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Cole v. Collier

United States District Court, S.D. Texas, Houston Division

December 11, 2019

KEITH COLE, et al, Plaintiffs,
v.
BRYAN COLLIER, et al, Defendants.

          MEMORANDUM & ORDER

          KEITH P. ELLISON UNITED STATES DISTRICT JUDGE

         Pending before this Court is Plaintiffs' Motion for Contempt, to Show Cause, and for Sanctions. (Doc. No. 1459). Plaintiffs allege that Defendants have repeatedly violated the settlement agreement (Doc. No. 989-4) and this Court's orders this past summer by allowing temperatures in units housing class members to exceed 88℉, failing to notify Class Counsel of those excessively hot temperatures, and then misrepresenting conditions and preventing Class Counsel from discovering such violations of the agreement. Defendants have conceded that they violated the terms of the settlement agreement by allowing the temperatures to exceed 88℉ for a period of time in July and August 2019 in the LeBlanc Unit and then by failing to notify Class Counsel of those temperatures. They also concede that certain misrepresentations were made to Class Counsel and the Court regarding the temperatures in the LeBlanc Unit, the availability of thermostat temperature readings in the LeBlanc Unit, and the availability of the LeBlanc warden and executive administration officials during a scheduled inspection of the LeBlanc Unit.

         For Defendants' violations of the settlement agreement and misrepresentations to both Class Counsel and this Court, Plaintiffs request that the Court find Defendants in contempt, order a show cause hearing, and order various sanctions against Defendants, including fines, discovery, and attorneys' fees. After careful consideration of all filings, evidence presented at the hearings held on this Motion, and applicable law, the Court hereby GRANTS in part Plaintiffs' Motion as it relates to attorneys' fees, discovery, and a show cause hearing. The Court DEFERS ruling on Plaintiffs' request for a finding of contempt and DENIES Plaintiffs' requests for sanctions in the form of fines.

         I. BACKGROUND

         Much has been written about the course of this litigation; the Court will not recount the full facts here. The events that are most relevant to the present Motion occurred in July and August of 2019. In mid-July 2019, Class Counsel began receiving complaints from class members about temperatures in both the Stiles Unit and the LeBlanc Unit. (Doc. No. 1459, at 10-11). Defendants later admitted that the Stiles Unit was having mechanical issues with its chillers beginning in June 2019, and that a temporary rental chiller was not put in place until July 24, 2019. (Doc. No. 1472, at 6-7). However, Defendants failed to report the high temperatures to Class Counsel, as they are required to do by the settlement agreement. (Doc. No. 1459, at 11).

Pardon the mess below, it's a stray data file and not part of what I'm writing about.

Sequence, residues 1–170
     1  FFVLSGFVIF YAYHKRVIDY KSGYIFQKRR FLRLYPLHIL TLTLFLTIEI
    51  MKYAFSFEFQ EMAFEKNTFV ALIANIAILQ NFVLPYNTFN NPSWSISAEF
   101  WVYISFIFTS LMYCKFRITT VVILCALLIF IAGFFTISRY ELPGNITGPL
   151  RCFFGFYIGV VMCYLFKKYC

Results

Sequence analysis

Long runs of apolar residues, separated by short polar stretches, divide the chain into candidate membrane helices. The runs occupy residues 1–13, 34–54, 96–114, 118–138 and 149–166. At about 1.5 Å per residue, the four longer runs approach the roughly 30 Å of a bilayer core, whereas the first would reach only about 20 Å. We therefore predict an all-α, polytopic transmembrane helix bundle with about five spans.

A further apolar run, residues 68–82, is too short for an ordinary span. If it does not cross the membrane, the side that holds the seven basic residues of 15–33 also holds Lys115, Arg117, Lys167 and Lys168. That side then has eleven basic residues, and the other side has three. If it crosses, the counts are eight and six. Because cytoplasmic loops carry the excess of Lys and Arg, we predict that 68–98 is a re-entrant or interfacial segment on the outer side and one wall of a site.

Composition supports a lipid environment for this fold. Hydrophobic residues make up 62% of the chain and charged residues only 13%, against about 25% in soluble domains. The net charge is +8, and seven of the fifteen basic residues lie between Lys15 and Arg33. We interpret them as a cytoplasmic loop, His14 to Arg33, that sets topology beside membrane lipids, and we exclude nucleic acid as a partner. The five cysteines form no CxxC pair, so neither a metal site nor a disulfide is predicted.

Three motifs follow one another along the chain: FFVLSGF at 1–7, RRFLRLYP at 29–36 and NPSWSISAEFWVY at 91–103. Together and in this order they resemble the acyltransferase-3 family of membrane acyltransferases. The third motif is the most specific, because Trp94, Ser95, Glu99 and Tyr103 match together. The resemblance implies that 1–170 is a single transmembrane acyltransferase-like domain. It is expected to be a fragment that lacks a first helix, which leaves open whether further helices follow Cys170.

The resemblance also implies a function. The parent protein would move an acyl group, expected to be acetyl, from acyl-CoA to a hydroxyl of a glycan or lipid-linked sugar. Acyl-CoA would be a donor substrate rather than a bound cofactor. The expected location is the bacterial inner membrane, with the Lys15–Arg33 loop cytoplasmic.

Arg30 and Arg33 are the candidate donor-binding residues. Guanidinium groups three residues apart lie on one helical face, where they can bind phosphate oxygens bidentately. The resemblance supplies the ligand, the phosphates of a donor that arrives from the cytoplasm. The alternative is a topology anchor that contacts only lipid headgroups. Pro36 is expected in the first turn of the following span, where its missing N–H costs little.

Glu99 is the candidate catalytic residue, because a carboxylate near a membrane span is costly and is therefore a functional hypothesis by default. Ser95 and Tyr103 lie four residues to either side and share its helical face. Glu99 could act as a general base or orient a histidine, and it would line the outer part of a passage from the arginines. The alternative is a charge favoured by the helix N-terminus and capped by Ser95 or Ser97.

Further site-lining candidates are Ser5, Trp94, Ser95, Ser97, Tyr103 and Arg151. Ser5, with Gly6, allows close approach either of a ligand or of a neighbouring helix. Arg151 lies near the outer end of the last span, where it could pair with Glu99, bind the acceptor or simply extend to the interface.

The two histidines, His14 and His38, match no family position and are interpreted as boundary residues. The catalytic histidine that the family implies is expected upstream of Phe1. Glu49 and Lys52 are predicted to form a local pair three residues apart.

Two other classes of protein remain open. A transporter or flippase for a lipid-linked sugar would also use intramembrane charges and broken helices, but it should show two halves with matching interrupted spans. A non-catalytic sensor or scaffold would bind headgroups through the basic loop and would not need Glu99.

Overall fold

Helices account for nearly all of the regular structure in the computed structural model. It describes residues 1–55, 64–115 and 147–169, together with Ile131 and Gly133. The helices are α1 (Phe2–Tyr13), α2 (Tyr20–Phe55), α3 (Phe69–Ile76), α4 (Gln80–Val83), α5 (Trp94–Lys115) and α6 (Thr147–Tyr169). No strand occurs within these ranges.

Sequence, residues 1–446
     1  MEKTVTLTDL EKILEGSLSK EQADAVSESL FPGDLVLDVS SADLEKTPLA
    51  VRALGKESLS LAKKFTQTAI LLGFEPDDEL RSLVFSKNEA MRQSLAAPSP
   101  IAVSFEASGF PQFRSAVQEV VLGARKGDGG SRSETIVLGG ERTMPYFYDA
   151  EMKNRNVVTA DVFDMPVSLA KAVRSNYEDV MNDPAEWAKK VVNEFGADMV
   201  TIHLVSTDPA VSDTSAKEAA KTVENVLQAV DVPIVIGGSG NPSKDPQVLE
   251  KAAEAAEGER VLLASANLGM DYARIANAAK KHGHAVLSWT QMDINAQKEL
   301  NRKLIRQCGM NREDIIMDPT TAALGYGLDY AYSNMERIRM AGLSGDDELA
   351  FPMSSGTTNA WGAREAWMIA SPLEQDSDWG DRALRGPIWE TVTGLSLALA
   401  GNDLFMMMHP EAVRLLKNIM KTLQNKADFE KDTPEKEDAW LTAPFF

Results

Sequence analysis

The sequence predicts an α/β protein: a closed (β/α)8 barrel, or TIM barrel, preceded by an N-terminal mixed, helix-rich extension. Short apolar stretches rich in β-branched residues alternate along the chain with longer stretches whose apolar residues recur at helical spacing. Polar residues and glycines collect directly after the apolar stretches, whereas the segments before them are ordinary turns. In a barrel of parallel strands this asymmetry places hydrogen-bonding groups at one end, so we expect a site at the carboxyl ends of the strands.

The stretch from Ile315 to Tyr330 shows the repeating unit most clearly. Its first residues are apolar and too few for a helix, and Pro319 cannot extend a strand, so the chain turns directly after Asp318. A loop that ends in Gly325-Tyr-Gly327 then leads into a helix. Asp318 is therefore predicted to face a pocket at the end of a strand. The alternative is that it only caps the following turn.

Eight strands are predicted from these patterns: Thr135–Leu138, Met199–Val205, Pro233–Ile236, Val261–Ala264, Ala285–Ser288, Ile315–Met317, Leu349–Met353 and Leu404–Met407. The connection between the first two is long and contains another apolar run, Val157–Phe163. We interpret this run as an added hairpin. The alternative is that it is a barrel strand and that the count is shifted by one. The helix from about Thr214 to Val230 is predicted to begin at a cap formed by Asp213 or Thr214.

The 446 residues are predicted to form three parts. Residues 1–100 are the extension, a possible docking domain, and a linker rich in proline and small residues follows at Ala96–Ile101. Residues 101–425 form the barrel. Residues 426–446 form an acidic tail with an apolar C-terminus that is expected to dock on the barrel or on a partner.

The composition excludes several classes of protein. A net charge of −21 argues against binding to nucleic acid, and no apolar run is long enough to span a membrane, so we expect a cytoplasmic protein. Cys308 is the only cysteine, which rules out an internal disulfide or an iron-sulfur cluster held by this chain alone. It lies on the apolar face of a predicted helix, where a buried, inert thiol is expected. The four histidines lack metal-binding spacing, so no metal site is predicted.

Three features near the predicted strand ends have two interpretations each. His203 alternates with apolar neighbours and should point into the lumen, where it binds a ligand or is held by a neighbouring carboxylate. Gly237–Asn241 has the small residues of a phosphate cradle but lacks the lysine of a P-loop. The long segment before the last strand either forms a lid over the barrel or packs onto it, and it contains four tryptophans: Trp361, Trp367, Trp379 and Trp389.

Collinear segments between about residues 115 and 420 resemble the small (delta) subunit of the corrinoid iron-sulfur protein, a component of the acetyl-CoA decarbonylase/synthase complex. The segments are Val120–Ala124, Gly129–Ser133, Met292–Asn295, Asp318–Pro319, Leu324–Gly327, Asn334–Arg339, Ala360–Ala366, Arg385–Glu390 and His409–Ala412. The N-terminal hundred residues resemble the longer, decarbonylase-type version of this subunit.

The primary focus of this Motion, however, is on the events that occurred in July and August 2019 in the LeBlanc Unit. In mid-July, Class Counsel reported to Defendants' counsel that class members were complaining of high temperatures in the LeBlanc Unit dorms. (Doc. No. 1459-41, at 2). Defendants represented through their attorneys that temperatures had been maintained at acceptable levels, and that, although there had been a mechanical issue in mid-July, the air conditioning had been repaired immediately. (Doc. No. 1459-41, at 2; Doc. No. 1459-46, at 2). Defendants also provided a document that purported to list all air conditioning work and maintenance issues at the LeBlanc Unit in July 2019, all of which were resolved immediately. (Doc. No. 1459-47, at 3). However, Defendants later revealed that this document was not comprehensive, and that there were in fact long-standing problems with cooling in the LeBlanc Unit. (Doc. No. 1488, at 8-9). It remains unknown who at the Texas Department of Criminal Justice (TDCJ) made this document. Id. at 7.

         Class Counsel continued to receive complaints from class members, so they requested a site inspection, and one was scheduled for August 8. (Doc. No. 1459-51, at 7). However, on the morning of August 7, Defendants' counsel notified Class Counsel that, due to a family emergency, the warden would not be able to attend the inspection. Id. at 3. In addition, Defendants' counsel stated that senior TDCJ officials were out of town for an American Correctional Association conference. Id. Defendants' counsel represented that, for those two reasons, the inspection had to be moved to August 12. Id. However, Defendants later admitted that previous representations that the warden had a family emergency, or that the warden and senior TDCJ officials were required to be present for an inspection to take place were false. (Doc. No. 1472, at 2; Doc. No. 1472-19, at 84:16-89:15).